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Updated by John Huh on Nov 08, 2018
Headline for Ten Worst LT1 Swap Mistakes
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John Huh John Huh
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Ten Worst LT1 Swap Mistakes

The art of swapping in a different engine into your favorite chassis of choice is a form of modification that's been around as long as the car has. Today's engine of choice happens to be the LS1, which is the new age Chevy small block that's spawned the new generation of Corvettes and Camaros. When you are in favor of swapping in an engine rather than rebuild it, the cost can be highly prohibitive. Finding a budget LS1 engine swap or a transmission you want to use can be difficult at times and very expensive.

So if you want a cheap alternative to the LS1, the LT1 is a great choice for any rear wheel drive chassis. It's also known as the GM TPI engine, and is easily found in many of the earlier Firebirds and Camaros. The LT1 is an excellent V8 engine swap choice that can be found for well under 700 dollars. The problem is however is when people locate the Corvette LT1, which can lead to a ton of problems when you try to swap it into your car.

1

ECU Electronics

ECU Electronics

When you are sourcing your V8 swap harness, you would be wise to stay away from the Corvette version which has a lot of external wiring that's not required. Further, the 1985-1989 Chevy Corvette is far too short and must be extended unless your chassis has room for the ECU to be mounted within the engine bay. The Corvette from 1990-1991 has the ECM mounted in the engine bay, and like the 85+ lacks the proper length for any TPI engine swap or V8 swap work properly.

2

Power Steering

Power Steering

If you are using a Vette power steering pump, you will need a custom hose to make it work in your application. If you are swapping a LT1 into a Jaguar or a Nissan 240SX, this power steering hose will need to be able to handle the high pressure of the pump.

3

Coolant Surge Tank

Coolant Surge Tank

The TPI small block engine found in the 1990-1992 Corvette features a cooling system that uses a "high-fill" surge tank in addition to a coolant recovery tank. No matter what you are swapping this into, you will require specialized lines that allow your cooling system blow off steam and recover coolant.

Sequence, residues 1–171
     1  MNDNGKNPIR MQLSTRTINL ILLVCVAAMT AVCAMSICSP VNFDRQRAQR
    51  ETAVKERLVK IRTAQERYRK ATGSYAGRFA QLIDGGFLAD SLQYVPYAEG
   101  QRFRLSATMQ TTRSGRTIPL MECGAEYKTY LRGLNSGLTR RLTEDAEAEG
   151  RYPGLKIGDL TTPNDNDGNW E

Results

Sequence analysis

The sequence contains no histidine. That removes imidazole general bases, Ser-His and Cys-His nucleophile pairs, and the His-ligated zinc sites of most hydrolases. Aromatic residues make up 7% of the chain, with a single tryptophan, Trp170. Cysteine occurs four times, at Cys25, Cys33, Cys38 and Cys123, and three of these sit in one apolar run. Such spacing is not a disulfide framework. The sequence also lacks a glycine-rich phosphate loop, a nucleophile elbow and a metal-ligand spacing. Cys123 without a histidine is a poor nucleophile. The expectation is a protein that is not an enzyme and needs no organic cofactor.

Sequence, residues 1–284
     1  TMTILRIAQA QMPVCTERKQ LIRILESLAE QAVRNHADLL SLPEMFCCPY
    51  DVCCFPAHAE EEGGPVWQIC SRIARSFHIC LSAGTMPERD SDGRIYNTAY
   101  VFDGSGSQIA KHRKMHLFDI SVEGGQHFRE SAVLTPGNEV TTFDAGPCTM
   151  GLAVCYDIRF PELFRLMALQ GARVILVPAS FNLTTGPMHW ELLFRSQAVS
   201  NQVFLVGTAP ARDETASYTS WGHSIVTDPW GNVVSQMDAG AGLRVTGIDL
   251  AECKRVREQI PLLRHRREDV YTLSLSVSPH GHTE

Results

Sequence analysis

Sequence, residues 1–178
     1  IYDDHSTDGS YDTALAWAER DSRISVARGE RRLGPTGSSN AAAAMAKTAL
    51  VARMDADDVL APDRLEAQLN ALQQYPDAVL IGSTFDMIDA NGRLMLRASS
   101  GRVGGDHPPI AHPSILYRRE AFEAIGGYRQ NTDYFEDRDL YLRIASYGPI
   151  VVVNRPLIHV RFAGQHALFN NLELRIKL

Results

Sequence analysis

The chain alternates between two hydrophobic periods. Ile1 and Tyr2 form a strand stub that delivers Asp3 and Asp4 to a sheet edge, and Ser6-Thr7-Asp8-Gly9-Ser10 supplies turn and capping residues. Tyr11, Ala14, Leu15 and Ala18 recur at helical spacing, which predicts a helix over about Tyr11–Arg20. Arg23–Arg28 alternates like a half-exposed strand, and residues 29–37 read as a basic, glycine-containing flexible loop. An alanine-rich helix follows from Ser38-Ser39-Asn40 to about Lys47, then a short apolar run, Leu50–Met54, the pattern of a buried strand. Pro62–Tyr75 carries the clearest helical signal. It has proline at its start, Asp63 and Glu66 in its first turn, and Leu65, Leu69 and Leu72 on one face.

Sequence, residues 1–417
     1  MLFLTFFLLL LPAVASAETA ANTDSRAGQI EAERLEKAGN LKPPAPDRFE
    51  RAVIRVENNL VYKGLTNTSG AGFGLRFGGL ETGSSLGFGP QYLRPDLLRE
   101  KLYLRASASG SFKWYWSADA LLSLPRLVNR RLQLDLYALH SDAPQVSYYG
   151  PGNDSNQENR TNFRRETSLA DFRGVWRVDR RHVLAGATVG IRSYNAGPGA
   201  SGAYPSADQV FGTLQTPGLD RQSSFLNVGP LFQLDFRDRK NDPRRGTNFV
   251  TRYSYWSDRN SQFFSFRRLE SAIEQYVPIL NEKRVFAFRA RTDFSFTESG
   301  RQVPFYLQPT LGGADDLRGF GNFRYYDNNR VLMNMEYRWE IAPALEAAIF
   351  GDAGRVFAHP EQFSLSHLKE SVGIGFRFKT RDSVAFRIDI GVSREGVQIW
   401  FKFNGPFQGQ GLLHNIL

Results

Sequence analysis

4

AC Compressor

AC Compressor

Who says you can't swap a V8 and have air conditioning at the same time? The LT1 is a great small block for amenities and depending on your chassis can be modified to deliver ice cold air conditioning. However if you are putting your own LT1 swap together, steer clear of the Corvette air conditioning compressor. The LT1 air conditioning compressor lacks a proper a high pressure cut-out switch, so if your chassis requires one which is most likely the case, you will need a manual switch installed into the high pressure hose.

Really there's no reason you should resort to this tactic, simply locate a LT1 Camaro/Firebird engines have the high-pressure cut-out switch mounted on the compressor to make your life easy.

5

Emissions

Emissions

Legalizing your engine swap isn't common for LT1 engine swaps, but hey anything possible. Maybe your chassis is truly older but yet does not qualify to be smog exempt, or maybe you want to do your part to protect the environment and minimize your carbon footprint.

Corvette LT1 harnesses lack the proper connections for your smog equipment and charcoal canister. This is just a ton of work for no good reason, instead opt for a Camaro/Firebird TPI harness to make your engine swap project easier.

6

Cooling Fans

Cooling Fans

When planning your V8 swap, one of the essentials is to upgrade your cooling capacity through an upgraded radiator or cooling fans. There's plenty of bolt on applications to make your LT1 engine swap smooth. The problem is if your wiring harness is from a Corvette, you will not have the proper connections to the engine cooling fans or the associated relays.

Again, go with a LT1 or TPI Camaro/Firebird engine harness for the wiring to the electric cooling fans and relays to keep your LT1 reliable.

7

Cold Start Valve

Cold Start Valve

If you are swapping in a 1985-1988 TPI engine into your chassis, you will need to be aware of the cold start valve. If you are stuck using a Vette harness you won't have the proper connections to this valve, making cold starts difficult to say the least. To make your life easier go with a wiring harness from a previous generation Camaro/Firebird engine harness.

8

Overdrive

Overdrive

Transmissions from a 1986-1989 Corvette required a switch on the shift linkage to enable the overdrive position for the transmission ECU. Ditch your automatic transmission or simply go with a TPI replacement to avoid this issue. If you are pumping some serious ponies through your LT1, check the Nissan 350Z transmission known as the CD009 for a transmission that can outperform the GEN III Tremec.

9

Header issues

Header issues

Depending on your chassis, the Corvette exhaust headers are significantly different than the Camaro. Assuming you are working on a vehicle with LHD, the TPI header can often run into your steering column.
Go with an aftermarket header system to avoid this problem in your V8 engine swap.

10

Power up

Power up

The LT1 swap harnesses from a Corvette will not have the proper alternator connections for your charging system worked into it. This can be easily remedied by using a custom wiring solution or just getting a Camaro harness.